Read Full Article, Continue Reading, Extra resourcesYour firstborn has been the center of your attention for many months. They throw them when they want control, more independence or can't fully express their wants and needs. Here are some tips for riding out your next toddler tantrum.
We always start the discussion by saying, "Wow! That was a lot of crying!". And my toddlers usually have to agree!
Your firstborn has been the center of your attention for many months. Now that a new member of the family is about to arrive in your home, he will need to share you with the new baby. He sees the baby as a competition for your attention and love. Your toddler fears the time when he'll be cast aside and the baby will forever take his place in your heart. From a toddler's perspective, this is a big change, and change is something that doesn't sit too well among children this age.
Your toddler probably has a lot of questions as to why you're bringing another baby in the house. Aside from thinking of a good answer for 'How was the baby made?' you need to prepare your child for the big transition. Below are some ways to help your tot handle the situation.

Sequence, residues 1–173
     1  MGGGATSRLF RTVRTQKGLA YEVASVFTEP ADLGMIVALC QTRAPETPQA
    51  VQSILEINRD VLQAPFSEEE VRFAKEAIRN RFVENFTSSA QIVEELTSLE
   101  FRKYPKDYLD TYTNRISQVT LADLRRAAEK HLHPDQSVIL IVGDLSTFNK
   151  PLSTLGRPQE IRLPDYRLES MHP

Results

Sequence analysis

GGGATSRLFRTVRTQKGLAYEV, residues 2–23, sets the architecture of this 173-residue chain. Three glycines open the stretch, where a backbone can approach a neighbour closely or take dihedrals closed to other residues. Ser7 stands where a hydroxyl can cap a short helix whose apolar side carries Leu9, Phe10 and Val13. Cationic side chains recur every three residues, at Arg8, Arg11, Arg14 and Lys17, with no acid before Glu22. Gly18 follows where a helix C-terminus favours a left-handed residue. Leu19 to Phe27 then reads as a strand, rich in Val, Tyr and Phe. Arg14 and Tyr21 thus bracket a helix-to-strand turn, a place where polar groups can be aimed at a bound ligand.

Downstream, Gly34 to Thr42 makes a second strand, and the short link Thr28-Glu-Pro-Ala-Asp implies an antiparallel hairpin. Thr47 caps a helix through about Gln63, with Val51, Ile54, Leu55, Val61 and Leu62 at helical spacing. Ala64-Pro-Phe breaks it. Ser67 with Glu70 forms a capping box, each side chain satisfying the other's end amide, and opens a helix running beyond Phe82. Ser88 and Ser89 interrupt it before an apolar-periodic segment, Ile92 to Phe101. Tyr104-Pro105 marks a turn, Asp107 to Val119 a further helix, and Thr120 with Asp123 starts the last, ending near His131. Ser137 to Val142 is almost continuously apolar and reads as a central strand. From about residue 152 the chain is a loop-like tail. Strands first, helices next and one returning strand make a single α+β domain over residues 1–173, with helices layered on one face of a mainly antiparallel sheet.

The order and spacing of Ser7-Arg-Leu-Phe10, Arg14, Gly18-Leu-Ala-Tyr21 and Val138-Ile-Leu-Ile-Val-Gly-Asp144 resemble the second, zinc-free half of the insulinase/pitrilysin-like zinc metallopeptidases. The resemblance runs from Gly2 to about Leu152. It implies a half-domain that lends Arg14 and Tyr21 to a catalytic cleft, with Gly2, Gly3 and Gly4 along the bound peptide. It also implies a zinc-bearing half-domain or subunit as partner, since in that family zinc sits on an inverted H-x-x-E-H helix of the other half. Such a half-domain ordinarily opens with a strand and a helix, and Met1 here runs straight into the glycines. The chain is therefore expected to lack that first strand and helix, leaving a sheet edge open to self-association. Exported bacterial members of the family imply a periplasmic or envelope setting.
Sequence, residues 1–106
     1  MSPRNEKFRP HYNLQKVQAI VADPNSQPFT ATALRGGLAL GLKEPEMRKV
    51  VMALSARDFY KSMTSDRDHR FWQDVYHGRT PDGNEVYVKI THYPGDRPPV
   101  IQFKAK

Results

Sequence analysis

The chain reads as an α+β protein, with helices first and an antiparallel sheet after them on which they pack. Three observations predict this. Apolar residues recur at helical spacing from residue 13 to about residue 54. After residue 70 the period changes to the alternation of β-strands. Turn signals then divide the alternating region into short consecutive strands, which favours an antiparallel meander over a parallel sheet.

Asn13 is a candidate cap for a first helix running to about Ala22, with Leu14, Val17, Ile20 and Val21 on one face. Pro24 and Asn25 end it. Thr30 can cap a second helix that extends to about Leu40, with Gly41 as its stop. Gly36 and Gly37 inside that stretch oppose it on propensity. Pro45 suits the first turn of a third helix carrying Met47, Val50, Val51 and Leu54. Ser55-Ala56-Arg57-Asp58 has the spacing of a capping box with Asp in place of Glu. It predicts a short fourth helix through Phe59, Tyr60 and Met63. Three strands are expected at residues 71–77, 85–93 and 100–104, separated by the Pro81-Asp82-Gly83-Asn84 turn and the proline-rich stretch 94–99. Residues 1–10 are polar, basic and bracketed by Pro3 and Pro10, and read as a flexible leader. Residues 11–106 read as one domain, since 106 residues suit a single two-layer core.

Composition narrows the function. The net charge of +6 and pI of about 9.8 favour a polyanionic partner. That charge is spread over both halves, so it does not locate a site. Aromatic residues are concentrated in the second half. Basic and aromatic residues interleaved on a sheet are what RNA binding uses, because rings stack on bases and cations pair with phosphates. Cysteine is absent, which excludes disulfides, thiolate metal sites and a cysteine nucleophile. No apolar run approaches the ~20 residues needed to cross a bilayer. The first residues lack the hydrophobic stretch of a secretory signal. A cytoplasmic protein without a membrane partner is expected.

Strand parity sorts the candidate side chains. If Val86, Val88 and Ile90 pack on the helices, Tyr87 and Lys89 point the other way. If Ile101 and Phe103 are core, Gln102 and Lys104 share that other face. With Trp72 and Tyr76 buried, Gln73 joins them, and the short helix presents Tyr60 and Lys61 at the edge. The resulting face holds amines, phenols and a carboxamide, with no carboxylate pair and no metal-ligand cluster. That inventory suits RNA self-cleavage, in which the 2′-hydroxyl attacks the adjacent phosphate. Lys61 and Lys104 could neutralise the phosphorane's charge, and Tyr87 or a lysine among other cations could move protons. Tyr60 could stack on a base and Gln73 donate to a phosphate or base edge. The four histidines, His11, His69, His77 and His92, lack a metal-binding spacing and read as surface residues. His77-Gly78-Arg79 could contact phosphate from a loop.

1. Guide Him Through His Expectations
There are probably a thousand things going on in your toddler's mind right now. To help him with the confusion, spend some time with him to talk about what to expect when the baby arrives. Give him a time frame when the baby is due (at summer, when school starts, etc.) and let him know what the baby will do for the next couple of months of its life (eat, sleep, cry, etc.). Doing so will help relieve his anxiousness over the situation.
2. Schedule Playtime With His Daddy or Another Adult in the Family
As you prepare for birthing, you'll have less time to spend with your firstborn, even more so once the new baby comes home. During this time, your toddler needs another adult to lean on. Let him spend some one-on-one time with his dad or a relative. This way, he becomes accustomed to the presence of another family member while you are busy tending to your newborn. Moreover, your toddler won't try to compete for your attention, since he's also busy with his own thing.
3. Bring in the Changes Gradually
Having a new baby at home brings in a lot of changes. Most likely, your child will have to move into a new room to make way for the arrival of the baby. If you plan on moving your toddler from a crib to a toddler bed, do so at least six weeks before you give birth. If you do this close to the baby's due date, he'll see the change as displacement and resent the baby for it. Set up the nursery a few weeks ahead so that he'll get used to seeing baby stuff inside your home.
4. Teach Him the Concept of Gentleness
Your toddler may not like the idea of sharing your love with the newest member of the family, but that doesn't mean he's not excited about becoming a big brother. Sometimes, this excitement can turn into rough play.